I get these messages too and I say yes because they’re very well-crafted. Usually they’ve been following my advice when they’ve asked me, so they’re very well … I mean it’s complimenting them, you know? It’s complementing their careers, making them want to give back, and mentor, and help other people. Most people want to do that. You’re really just asking for 15 minutes of their time.

Mac Prichard:

Yeah, and I certainly have had that experience myself when I’ve been out there looking for work and finding that people do want to help and they do want to say yes, and there are challenges to make it easy for them to do that. Well, let’s move on to barrier number three and that is direction. Tell us about direction. Why do people struggle with this? Why is this so important in a job search?

Anna Runyan:

Yeah, so this is one of the things that many times people just kind of jump into the resume, and LinkedIn, and interviewing stuff, without really uncovering what that ideal career fit is for them. That’s like number one. This is really my passion, what I love helping people with: that very beginning part of really figuring out what is that ideal career fit for them. Because it’s going to make the resume so much easier, the interview so much easier, it’s going to make networking so much easier, and then eventually, it’s going to make your career so much more successful when you start at the very beginning and really determine what that ideal career fit is for you.

It all kind of goes back to looking at your previous career experiences, like the job you’re in right now. What do you really, really love doing and what do you not like doing, so that you can create a list of things that you really enjoy doing. That’s one thing I did. I was in finance and I realized the times I was loving my job were the times where I was teaching and mentoring others about finance. It wasn’t actually when I was doing my job of finance. That kind of got me started along this journey, this path, of trying to do more teaching and training. Whatever the topic is, I enjoy doing that. That’s kind of like the first thing is looking at your previous career experiences.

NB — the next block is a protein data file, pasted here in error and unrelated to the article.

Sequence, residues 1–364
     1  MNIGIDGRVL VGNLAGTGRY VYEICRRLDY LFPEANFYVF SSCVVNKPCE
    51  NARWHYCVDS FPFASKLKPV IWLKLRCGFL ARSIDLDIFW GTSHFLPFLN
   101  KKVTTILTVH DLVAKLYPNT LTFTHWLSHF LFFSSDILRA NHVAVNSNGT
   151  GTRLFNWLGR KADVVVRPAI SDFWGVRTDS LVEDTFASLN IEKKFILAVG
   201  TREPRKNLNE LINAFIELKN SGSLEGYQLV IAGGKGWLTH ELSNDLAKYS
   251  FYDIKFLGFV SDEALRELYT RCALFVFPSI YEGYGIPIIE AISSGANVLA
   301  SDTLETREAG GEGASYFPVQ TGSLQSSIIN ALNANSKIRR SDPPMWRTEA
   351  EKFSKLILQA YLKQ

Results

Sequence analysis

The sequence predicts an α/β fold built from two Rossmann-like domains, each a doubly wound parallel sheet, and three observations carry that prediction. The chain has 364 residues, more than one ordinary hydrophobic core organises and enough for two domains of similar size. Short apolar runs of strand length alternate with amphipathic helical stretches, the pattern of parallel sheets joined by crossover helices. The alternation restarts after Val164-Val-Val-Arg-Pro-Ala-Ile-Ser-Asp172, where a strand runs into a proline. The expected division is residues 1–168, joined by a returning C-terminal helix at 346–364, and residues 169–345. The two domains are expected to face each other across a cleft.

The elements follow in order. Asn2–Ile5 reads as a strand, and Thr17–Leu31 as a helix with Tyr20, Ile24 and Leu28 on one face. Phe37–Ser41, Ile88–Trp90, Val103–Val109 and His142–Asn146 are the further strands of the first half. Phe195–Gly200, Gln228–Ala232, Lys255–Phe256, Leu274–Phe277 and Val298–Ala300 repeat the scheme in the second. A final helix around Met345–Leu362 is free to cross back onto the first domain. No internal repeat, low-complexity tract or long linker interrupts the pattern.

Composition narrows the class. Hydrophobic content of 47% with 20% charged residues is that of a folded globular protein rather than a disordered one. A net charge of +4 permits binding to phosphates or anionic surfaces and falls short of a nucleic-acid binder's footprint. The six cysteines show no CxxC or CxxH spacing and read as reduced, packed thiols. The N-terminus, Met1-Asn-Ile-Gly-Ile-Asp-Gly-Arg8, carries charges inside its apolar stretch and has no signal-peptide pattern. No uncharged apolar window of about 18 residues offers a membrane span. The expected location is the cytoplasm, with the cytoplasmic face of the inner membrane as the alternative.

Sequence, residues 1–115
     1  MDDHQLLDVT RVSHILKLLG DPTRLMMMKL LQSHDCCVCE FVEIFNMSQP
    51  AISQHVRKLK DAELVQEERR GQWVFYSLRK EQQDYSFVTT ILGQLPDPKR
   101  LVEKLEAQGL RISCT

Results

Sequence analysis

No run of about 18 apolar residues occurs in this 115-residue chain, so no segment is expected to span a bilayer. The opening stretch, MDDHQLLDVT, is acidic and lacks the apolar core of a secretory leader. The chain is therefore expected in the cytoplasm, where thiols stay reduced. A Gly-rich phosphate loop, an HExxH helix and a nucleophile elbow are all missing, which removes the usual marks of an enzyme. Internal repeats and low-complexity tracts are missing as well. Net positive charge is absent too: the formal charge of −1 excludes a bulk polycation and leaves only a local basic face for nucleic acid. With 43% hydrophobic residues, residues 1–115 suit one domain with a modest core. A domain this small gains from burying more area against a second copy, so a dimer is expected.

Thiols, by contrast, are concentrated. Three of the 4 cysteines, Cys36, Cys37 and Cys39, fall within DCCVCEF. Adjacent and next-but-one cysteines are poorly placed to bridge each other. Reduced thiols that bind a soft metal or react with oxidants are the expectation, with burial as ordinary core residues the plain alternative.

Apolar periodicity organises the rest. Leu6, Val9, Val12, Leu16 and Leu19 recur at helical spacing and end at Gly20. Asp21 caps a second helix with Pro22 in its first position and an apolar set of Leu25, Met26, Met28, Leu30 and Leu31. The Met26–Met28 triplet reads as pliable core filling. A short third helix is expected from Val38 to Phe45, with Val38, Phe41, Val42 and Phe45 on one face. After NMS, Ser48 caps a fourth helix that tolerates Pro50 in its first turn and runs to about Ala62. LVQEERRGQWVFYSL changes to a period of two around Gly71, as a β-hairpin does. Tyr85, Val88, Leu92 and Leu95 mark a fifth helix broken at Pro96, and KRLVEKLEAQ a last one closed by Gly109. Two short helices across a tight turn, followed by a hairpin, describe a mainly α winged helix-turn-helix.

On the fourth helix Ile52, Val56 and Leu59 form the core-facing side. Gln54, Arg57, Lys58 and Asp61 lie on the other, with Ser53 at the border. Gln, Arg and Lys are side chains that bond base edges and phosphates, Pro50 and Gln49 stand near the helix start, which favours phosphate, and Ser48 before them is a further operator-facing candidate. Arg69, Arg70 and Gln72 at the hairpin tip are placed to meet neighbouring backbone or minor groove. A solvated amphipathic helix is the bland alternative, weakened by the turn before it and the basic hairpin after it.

Mac Prichard:

Well, terrific. What is the next natural step after you reflect on what you’ve done and what you enjoy doing best? How do you get clear about that direction?

Anna Runyan:

The other thing I like doing with my clients is really determining what your ideal workday is, like from the time you wake up in the morning to the time you go to bed, really mapping that out, so really brainstorming. Like, if you could have any amazing day what would that look like? Write that down. Start visualizing it. Start creating kind of like a vision board around that ideal workday and think about how do you want to get to work? What type of commute do you want? What type of company do you want to work for? Do you want to work for a really low-key and relaxed company where you can wear jeans to work or do you want to work for a really more formal company where you wear a suit to work everyday?

Really starting to imagine that, do you want to go out for lunch every day? Do you want to eat at your desk? What do you do after your day? That’s huge because then you know where you’re going and when you do those informational interviews we were talking about you can start to see if your ideal workday matches the ideal workday of the person you’re doing the interview with. You can start asking them questions about what their company is like, what their job is like, and see if it matches up with your ideal workday.

This is another thing I did. I thought I wanted to be a lawyer when I was in college so I did an informational interview with a lawyer and I realized during that informational interview that I didn’t really want to be a lawyer. Instead of me going to law school and taking the LSATs, all that stuff, the informational interview just kind of made me realize this wasn’t the right path for me.